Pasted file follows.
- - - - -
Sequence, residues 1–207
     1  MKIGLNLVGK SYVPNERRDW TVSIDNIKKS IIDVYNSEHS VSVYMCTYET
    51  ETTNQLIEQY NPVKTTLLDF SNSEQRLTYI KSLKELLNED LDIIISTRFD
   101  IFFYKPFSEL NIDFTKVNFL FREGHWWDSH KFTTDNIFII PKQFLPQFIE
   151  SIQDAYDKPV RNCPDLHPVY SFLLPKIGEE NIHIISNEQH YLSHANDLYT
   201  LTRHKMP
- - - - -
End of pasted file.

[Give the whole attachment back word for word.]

Sequence, residues 1–207
     1  MKIGLNLVGK SYVPNERRDW TVSIDNIKKS IIDVYNSEHS VSVYMCTYET
    51  ETTNQLIEQY NPVKTTLLDF SNSEQRLTYI KSLKELLNED LDIIISTRFD
   101  IFFYKPFSEL NIDFTKVNFL FREGHWWDSH KFTTDNIFII PKQFLPQFIE
   151  SIQDAYDKPV RNCPDLHPVY SFLLPKIGEE NIHIISNEQH YLSHANDLYT
   201  LTRHKMP